COVID-19, and more particularly the social distancing imposed to prevent its spread, has accentuated the important role that digital technology can play in connecting, or ‘wiring’ the different actors in the health system and transforming the delivery of PHC. The pandemic has accelerated the uptake of digital solutions in areas such as assisted self-care, telemedicine, digital signposting (i.e., directing the individual to the product or service she needs on-demand through her mobile phone) and e-pharmacy (where medicines and health commodities are prescribed or ordered online and delivered to the doorstep of the patient). It will be important, and yet the challenge for this generation, to nurture forces striving for a joined up health systems approach to digital health, while recognizing the vitality of allowing innovation to flourish and consumers to have choice.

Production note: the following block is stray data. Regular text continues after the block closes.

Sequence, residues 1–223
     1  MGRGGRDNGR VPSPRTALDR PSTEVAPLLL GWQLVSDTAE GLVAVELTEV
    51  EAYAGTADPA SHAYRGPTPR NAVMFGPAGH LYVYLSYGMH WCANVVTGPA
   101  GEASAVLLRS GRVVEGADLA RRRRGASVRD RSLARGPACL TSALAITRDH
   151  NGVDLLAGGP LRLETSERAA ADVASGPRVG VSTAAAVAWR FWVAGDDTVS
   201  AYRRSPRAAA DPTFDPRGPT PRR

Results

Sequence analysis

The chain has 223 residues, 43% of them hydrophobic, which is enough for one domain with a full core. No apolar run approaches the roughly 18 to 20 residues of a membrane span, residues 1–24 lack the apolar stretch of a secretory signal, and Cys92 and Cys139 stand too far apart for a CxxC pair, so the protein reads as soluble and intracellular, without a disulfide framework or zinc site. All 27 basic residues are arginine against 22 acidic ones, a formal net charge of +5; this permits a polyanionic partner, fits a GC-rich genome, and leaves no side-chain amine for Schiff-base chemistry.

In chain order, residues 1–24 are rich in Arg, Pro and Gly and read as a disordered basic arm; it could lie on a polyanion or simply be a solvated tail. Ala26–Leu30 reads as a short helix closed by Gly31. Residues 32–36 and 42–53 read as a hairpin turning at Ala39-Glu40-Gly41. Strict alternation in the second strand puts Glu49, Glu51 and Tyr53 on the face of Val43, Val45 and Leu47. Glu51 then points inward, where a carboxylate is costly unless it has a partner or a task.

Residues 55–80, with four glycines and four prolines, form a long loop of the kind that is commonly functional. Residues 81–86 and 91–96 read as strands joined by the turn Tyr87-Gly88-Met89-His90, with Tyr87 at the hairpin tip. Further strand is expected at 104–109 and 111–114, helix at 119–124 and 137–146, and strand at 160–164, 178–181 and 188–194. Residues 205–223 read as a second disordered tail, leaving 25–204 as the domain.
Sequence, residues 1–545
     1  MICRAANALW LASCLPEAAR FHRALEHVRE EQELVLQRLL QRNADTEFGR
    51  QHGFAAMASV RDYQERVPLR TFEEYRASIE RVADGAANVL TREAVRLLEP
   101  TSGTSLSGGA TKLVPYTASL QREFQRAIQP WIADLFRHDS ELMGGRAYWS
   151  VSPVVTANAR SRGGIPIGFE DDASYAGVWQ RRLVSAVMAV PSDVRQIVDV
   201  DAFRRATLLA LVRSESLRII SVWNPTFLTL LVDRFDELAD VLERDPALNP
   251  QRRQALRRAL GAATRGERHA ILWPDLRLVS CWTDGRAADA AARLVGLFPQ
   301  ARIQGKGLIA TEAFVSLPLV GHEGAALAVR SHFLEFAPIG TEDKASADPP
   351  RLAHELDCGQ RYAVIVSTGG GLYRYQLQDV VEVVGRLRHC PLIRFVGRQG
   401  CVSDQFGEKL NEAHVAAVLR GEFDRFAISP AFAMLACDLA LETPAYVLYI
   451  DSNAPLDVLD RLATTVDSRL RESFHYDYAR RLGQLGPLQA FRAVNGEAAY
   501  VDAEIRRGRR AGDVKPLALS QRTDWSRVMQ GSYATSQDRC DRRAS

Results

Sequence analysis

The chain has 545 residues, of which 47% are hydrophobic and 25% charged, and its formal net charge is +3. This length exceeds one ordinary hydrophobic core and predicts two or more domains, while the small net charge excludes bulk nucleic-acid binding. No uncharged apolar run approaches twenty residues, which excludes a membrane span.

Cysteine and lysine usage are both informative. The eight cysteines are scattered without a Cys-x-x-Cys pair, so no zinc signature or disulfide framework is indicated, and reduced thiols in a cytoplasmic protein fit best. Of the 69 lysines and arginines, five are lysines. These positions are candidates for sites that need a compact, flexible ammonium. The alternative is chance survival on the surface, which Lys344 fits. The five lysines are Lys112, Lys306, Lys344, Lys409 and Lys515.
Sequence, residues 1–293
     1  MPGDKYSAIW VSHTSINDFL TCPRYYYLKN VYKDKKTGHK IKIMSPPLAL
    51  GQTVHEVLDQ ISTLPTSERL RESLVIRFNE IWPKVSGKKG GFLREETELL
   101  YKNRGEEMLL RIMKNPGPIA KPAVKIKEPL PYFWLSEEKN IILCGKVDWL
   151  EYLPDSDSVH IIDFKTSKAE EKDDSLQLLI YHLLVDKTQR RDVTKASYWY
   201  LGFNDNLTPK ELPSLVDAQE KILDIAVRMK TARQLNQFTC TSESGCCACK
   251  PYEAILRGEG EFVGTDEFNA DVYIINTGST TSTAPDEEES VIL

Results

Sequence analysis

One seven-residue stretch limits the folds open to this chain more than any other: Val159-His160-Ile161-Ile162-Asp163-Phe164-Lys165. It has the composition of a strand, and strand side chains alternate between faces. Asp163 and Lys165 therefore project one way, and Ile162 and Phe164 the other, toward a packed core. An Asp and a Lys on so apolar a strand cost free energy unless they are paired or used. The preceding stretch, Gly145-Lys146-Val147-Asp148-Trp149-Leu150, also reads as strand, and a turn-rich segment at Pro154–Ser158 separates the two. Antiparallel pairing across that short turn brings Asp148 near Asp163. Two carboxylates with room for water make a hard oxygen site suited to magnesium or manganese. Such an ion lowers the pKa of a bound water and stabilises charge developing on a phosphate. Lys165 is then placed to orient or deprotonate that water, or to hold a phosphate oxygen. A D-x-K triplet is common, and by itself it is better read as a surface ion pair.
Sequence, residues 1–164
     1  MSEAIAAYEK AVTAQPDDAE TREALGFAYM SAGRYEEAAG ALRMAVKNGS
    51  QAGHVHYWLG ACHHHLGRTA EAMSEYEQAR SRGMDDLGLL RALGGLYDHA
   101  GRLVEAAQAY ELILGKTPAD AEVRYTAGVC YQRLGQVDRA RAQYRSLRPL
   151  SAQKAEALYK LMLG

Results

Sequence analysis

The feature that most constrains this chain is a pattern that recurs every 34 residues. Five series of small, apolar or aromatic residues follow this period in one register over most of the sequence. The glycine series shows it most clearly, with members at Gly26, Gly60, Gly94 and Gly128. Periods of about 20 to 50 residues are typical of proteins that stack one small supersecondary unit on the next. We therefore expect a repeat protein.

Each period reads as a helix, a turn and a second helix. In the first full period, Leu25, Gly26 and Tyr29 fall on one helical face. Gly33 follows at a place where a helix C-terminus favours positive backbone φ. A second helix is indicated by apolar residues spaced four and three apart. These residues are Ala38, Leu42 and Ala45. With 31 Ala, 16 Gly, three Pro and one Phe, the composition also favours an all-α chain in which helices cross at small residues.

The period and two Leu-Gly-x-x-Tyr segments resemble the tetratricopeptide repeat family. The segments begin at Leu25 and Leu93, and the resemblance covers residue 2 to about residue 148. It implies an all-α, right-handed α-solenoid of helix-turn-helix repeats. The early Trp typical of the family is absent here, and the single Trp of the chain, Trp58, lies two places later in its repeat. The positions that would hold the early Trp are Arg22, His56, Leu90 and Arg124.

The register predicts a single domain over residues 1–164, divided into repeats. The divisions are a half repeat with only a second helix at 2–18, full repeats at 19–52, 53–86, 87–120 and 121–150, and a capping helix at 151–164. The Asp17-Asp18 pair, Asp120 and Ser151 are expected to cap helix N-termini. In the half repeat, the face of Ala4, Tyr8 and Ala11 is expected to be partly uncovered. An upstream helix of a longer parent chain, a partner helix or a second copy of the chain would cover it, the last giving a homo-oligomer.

COVID-19 Main Lesson: the whole is greater than the sum of its parts
In the previous sections, we have discussed three important lessons that COVID-19 has taught us so far:
- Lesson 1: Yes, the private sector can be a trusted partner
- Lesson 2: Yes, assisted self-care is a critical layer of the health system
- Lesson 3: Yes, digital technology can accelerate efforts to build strong mixed health systems
Of themselves, each of these efforts can potentially accelerate progress toward UHC. But, if we combine those three lessons, we can also create synergies that open up additional new pathways towards UHC, pathways that put the consumer at the center of UHC, as depicted in Figure 1.